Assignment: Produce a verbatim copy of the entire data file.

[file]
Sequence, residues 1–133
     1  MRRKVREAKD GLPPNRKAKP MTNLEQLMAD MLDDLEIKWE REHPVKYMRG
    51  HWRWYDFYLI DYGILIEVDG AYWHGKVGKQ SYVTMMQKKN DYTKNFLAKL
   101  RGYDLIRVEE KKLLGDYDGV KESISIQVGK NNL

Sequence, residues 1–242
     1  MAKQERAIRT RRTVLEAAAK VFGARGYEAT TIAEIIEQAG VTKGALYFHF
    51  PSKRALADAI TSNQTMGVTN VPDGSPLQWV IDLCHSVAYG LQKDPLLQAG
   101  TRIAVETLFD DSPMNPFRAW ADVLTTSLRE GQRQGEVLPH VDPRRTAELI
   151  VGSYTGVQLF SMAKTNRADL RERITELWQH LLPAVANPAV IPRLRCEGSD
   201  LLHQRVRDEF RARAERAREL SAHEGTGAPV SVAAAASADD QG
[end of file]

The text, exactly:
Sequence, residues 1–133
     1  MRRKVREAKD GLPPNRKAKP MTNLEQLMAD MLDDLEIKWE REHPVKYMRG
    51  HWRWYDFYLI DYGILIEVDG AYWHGKVGKQ SYVTMMQKKN DYTKNFLAKL
   101  RGYDLIRVEE KKLLGDYDGV KESISIQVGK NNL

Sequence, residues 1–242
     1  MAKQERAIRT RRTVLEAAAK VFGARGYEAT TIAEIIEQAG VTKGALYFHF
    51  PSKRALADAI TSNQTMGVTN VPDGSPLQWV IDLCHSVAYG LQKDPLLQAG
   101  TRIAVETLFD DSPMNPFRAW ADVLTTSLRE GQRQGEVLPH VDPRRTAELI
   151  VGSYTGVQLF SMAKTNRADL RERITELWQH LLPAVANPAV IPRLRCEGSD
   201  LLHQRVRDEF RARAERAREL SAHEGTGAPV SVAAAASADD QG